You plan, prepare, promote and pull off an amazing fundraising event, and then what? Naturally, you breathe a sigh of relief and go home—that is, if you’re like most event planners. And, of course, that makes sense: Planning and pulling off a successful event is a Herculean task. You deserve some rest.
But what if you tried something different that could get you miles farther than a sigh of relief and en evening on your couch? Instead of simply packing up your leftover swag, patting your volunteers on the back and turning off the lights on your current event, you could (don’t hit me)—get ready for your next one.
If you’re going to plan, staff and host one event, why not prepare for the next one at the same time? It might seem like biting off more than you can chew, but you’ll be saving time in the long run. Here are four ways to get ready for your next event before your current one is over.
Promote the next event now. If you’re hosting an annual event, like a holiday fundraiser, have the date of next year’s event ready to share with people. Optimally, you could set up a table where attendees can register for next year’s event at a discounted rate, or even create a page on your website for next year’s registration. This leads to the second point.
Have your website ready. You’re probably going to share the successes of your current event online. Attendees will be excited to see pictures, videos, fundraising results, etc., and you can have that landing page nearly ready to go before your event is over. On that page, promote your next event along with a date, time and, if you can manage it, a link to register. You don’t need to have all the deets nailed down in order to start promoting it. Plus you’ll catch attendees at the height of their excitement for your organization—it’s a great time for recruiting. Might as well ride that wave and get your website ready for what’s to come.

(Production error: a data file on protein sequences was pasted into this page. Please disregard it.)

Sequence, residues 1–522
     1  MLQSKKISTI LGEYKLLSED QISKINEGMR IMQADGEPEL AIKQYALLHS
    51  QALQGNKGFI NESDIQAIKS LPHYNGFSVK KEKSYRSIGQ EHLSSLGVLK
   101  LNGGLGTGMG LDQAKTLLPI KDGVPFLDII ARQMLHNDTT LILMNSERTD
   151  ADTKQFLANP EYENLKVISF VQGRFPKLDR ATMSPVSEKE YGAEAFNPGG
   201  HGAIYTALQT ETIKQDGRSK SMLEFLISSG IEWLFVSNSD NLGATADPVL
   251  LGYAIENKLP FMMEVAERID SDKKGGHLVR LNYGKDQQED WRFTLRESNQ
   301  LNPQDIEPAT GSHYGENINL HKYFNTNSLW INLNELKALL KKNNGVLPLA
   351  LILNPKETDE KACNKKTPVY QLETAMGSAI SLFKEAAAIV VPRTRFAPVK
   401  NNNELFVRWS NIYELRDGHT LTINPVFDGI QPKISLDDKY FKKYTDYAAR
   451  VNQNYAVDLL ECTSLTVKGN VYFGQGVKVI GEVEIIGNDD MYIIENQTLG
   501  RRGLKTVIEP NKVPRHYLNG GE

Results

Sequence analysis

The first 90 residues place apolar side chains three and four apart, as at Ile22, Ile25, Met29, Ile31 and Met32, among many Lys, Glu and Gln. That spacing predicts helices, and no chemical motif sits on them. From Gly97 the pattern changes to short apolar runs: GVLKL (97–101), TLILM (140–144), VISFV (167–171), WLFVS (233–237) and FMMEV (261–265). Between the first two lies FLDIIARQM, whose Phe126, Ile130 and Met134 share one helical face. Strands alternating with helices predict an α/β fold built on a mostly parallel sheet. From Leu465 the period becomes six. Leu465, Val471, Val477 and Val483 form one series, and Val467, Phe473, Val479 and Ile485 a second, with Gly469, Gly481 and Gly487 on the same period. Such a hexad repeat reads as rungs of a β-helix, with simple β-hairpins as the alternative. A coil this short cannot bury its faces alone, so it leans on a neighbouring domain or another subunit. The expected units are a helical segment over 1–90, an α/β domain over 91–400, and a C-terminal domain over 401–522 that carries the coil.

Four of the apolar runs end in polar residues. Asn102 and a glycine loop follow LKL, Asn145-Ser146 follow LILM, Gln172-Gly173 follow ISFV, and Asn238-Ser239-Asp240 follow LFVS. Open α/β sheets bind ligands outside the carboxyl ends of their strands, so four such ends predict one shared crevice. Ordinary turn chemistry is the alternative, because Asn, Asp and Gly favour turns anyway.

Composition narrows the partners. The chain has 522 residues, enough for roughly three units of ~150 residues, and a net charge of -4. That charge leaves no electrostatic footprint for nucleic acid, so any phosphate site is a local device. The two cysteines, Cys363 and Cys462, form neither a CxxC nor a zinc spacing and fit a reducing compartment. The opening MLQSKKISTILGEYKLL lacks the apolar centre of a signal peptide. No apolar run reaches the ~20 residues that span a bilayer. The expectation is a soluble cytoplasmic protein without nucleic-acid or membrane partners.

Ask attendees what they want next time. People love to give you their opinions, so let them. When collecting speaker/session feedback at the current conference or event, leave space on the card asking for suggestions for the next event. What changes would you like to see for next time? What would make the next event better? Or even, would you be willing to volunteer? This will give you good insight as you plan the next event’s details.
Personally inform, thank and invite. Donors want to know they’ve made a difference, and adding a personal touch to this could be a major bonus. If possible, have your staff or board handwrite thank-you notes to be mailed within a week after your event. These can actually be written at the board meeting prior to your event if you have the attendee list. Along with sharing results and expressing appreciation, add an invite. “Put November 9, 2015 on your calendar! We’d love for you to join us that evening for our special holiday food drive.”
You’re going to be exhausted after every conference or event—that’s a given. But if you’re strategic and plan ahead, you can get a jump on your next big endeavor. You’ll sleep better knowing you have a head start.